But the angle between refracted and reflected rays is ∠POB. Clearly is ∠POB is less than ∠MOB.
Two beams of red and violet colours are made to pass separately through a prism (angle of the prism is 60°). In the position of minimum deviation, the angle of refraction will be
For minimum deviation the ray in the prism is parallel to the base of the prism. This condition does not depend on the colour (or wave length) of incident radiation. So in both the cases, by geometry, r = 30º. So (a) is correct option.
A light beam is travelling from Region I to IV (figure). The refractive index in regionals I, II, III and IV are and respectively. The angle of incidence q for whichthe beam just misses entering region IV is –
For refraction at parallel interfaces
A ball is dropped from a height of 20 m above the surface of water in a lake. The refractive index of water is 4.3. A fish inside the lake, in the line of fall of the ball, is looking at the ball. At an instant, when the ball is 12.8 m above the water surface, the fish sees the speed of ball as [Take g = 10 m/s2.]
Consider the activitiy A to B
Applying v2 - u2 = 2as
The velocity of ball as perceived by fish is
A biconvex lens of focal length 15 cm is in front of a plane mirror. The distance between the lens and the mirror is 10 cm. A small object is kept at a distance of 30 cm from the lens. The final image is
Focal length of the biconvex lens is 15 cm. A small object is placed at a distance of 30cm from the lens i.e. at a distance of 2f. Therefore the image should form at 30cm from the lens at I1.
But since the ray strike the plane mirror before reaching I1, the image I1 acts as the virtual object for reflection on plane mirror kept at a distance of 20 cm from it.
It should produce an image I2 but as the ray encounters the lens, it gets refracted and the final image is formed at I3. For the last refraction from the biconvex lens, u = 10 cm.
Applying lens formula
Therefore a real image is formed at a distance of 16 cm from the plane mirror.
A light ray travelling in glass medium is incident on glassair interface at an angle of incidence θ. The reflected (R) and transmitted (T) intensities, both as function of θ, are plotted. The correct sketch is
When the light is incident on glass - an interface at an angle less than critical angle a small part of light will be reflected and most part will be transmitted.
When the light is incident greater than the critical angle, it gets completed reflected (total internal reflection) These characteristics are depicted in option (c).
A bi-convex lens is formed with two thin plano-convex lenses as shown in the figure. Refractive index n of the first lens is 1.5 and that of the second lens is 1.2. Both the curved surface are of the same radius of curvature R = 14 cm. For this biconvex lens, for an object distance of 40 cm, the image distance will be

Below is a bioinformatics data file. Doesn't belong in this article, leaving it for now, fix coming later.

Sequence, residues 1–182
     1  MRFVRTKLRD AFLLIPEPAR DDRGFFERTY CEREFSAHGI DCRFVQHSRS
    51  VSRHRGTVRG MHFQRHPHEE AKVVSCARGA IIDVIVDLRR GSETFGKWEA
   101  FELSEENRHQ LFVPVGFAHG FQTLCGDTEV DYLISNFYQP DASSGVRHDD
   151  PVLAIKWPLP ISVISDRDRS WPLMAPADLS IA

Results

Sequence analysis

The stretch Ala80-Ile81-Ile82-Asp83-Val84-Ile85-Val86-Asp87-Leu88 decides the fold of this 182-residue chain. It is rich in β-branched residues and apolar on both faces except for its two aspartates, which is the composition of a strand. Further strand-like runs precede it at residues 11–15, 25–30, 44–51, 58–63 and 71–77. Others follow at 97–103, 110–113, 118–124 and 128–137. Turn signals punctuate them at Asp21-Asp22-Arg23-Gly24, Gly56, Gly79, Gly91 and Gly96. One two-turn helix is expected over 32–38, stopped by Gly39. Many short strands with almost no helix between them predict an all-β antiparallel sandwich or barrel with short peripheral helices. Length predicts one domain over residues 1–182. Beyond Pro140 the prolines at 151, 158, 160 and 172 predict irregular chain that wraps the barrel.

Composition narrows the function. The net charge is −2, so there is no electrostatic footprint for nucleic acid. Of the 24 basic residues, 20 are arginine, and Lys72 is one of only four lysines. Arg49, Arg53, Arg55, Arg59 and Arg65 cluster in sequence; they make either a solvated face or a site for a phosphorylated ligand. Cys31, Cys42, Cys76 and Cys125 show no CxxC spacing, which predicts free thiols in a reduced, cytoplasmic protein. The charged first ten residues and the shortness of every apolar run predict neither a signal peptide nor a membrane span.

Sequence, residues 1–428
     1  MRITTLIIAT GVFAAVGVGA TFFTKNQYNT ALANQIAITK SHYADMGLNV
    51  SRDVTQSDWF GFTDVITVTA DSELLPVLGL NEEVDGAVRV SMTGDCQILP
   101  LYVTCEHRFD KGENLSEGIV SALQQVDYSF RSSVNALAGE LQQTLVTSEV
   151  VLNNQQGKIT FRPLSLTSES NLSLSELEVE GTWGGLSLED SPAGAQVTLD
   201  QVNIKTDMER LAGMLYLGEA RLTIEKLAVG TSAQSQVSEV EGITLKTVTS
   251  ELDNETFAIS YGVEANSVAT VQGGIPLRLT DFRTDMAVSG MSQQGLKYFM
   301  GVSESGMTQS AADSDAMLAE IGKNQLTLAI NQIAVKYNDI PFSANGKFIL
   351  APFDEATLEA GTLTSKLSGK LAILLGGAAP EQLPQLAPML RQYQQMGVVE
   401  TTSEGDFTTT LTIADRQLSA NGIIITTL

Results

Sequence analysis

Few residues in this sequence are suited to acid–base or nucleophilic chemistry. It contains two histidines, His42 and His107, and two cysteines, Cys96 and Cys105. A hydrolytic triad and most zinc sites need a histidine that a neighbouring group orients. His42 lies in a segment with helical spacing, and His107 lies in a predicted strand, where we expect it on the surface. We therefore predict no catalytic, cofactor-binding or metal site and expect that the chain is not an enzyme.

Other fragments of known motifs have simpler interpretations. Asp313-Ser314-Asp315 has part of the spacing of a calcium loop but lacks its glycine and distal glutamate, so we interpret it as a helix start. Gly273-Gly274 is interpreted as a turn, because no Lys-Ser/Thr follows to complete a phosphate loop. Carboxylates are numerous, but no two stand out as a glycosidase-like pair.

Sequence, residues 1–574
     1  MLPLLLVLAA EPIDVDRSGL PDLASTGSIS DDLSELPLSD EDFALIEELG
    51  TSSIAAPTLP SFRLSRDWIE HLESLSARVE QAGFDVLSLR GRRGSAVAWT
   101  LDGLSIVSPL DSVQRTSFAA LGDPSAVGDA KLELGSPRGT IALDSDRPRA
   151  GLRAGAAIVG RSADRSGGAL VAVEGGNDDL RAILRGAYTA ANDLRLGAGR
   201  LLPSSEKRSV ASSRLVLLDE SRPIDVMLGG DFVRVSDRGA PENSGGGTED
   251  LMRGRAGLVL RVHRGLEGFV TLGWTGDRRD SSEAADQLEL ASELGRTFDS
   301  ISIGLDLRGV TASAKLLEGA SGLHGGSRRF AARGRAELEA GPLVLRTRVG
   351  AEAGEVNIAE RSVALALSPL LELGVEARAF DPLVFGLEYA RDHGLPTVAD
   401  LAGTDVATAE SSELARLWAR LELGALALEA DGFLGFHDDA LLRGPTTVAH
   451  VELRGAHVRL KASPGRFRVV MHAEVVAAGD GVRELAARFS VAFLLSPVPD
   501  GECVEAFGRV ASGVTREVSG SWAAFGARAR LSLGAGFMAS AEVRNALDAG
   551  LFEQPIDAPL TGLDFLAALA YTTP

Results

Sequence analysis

The focal length (f1) of the lens with n = 1.5 is given by
The focal length (f2) of the lens with n = 1.2 is given by
The focal length F of the combination is
Applying lens formula for the combination of lens
⇒ V = 40 cm
Young’s double slit experiment is carried out by using green, red and blue light, one color at a time. The fringe widths recorded are bG, bR and bB, respectively. Then,
A ray of light travelling in the direction is incident on a plane mirror. After reflection, it travels along the direction The angle of incidence is
∴ 180° – 2a = 120°
∴ a = 30°
option (a) is correct
In the Young’s double slit experiment using a monochromatic light of wavelength λ, the path difference (in terms of an integer n) corresponding to any point having half the peak intensity is
The intensity I is given as
where Io is the peak intensity
For a phase difference of 2π the path difference is λ
∴ For a phase difference of the path difference
option (b) is correct.
A point source S is placed at the bottom of a transparent block of height 10 mm and refractive index 2.72. It is immersed in a lower refractive index liquid as shown in the figure. It is found that the light emerging from the block to the liquid forms a circular bright spot of diameter 11.54 mm on the top of the block. The refractive index of the liquid is
Applying Snell’s law at point P
n1 sin θ = n2 sin 90°
A parallel beam of light is incident from air at an angle a on the side PQ of a right angled triangular prism of refractive index n = √2. Light undergoes total internal reflection in the prism at the face PR when α has a minimum value of 45°.
The angle θ of the prism is
Applying Snell's law at A
Applying Snell's law at B
√2 sin C = 1 × sin 90°
∴ C = 45° … (ii)
In Δ AMB, 90° + θ + r1 + (90° – C) = 180° (From fig.)
∴ θ = 15°
A small object is placed 50 cm to the left of a thi n con vex lens of focal length 30 cm. A convex spherical mirror of radius of curvature 100 cm is placed to the right of the lens at a distance of 50 cm.The mirror is tilted such that the axis of the mirror is at an angle θ = 30° to the axis of the lens, as shown in the figure.
If the origin of the coordinate system is taken to be at the centre of the lens, the coordinates (in cm) of the point (x, y) at which the image is formed are
Therefore object distance for mirror is 25 cm and object is virtual
∴ v = – 50 cm The image I would have formed as shown had the mirror been straight. But here the mirror is tilted by 30°.
Therefore the image will be tilted by 60° and will be formed at A.
Here MA = 50 cos 60° = 25 cm
and I¢A = 50 sin 60° = 25√3 cm